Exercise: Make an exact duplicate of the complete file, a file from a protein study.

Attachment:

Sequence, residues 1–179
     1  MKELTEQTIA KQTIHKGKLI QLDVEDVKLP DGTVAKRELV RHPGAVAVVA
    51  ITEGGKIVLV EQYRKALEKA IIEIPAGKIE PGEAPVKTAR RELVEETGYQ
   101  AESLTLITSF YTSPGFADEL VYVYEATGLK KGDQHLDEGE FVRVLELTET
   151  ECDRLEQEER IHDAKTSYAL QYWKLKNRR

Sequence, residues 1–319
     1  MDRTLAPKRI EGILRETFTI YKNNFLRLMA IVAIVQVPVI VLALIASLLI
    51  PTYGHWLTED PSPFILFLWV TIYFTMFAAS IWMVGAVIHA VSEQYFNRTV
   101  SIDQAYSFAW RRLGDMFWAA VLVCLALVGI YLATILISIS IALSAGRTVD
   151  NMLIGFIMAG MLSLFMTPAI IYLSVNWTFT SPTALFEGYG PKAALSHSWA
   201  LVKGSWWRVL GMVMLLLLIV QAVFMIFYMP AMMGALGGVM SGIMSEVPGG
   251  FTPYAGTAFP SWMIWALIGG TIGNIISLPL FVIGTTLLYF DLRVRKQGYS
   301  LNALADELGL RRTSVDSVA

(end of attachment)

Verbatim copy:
Sequence, residues 1–179
     1  MKELTEQTIA KQTIHKGKLI QLDVEDVKLP DGTVAKRELV RHPGAVAVVA
    51  ITEGGKIVLV EQYRKALEKA IIEIPAGKIE PGEAPVKTAR RELVEETGYQ
   101  AESLTLITSF YTSPGFADEL VYVYEATGLK KGDQHLDEGE FVRVLELTET
   151  ECDRLEQEER IHDAKTSYAL QYWKLKNRR

Sequence, residues 1–319
     1  MDRTLAPKRI EGILRETFTI YKNNFLRLMA IVAIVQVPVI VLALIASLLI
    51  PTYGHWLTED PSPFILFLWV TIYFTMFAAS IWMVGAVIHA VSEQYFNRTV
   101  SIDQAYSFAW RRLGDMFWAA VLVCLALVGI YLATILISIS IALSAGRTVD
   151  NMLIGFIMAG MLSLFMTPAI IYLSVNWTFT SPTALFEGYG PKAALSHSWA
   201  LVKGSWWRVL GMVMLLLLIV QAVFMIFYMP AMMGALGGVM SGIMSEVPGG
   251  FTPYAGTAFP SWMIWALIGG TIGNIISLPL FVIGTTLLYF DLRVRKQGYS
   301  LNALADELGL RRTSVDSVA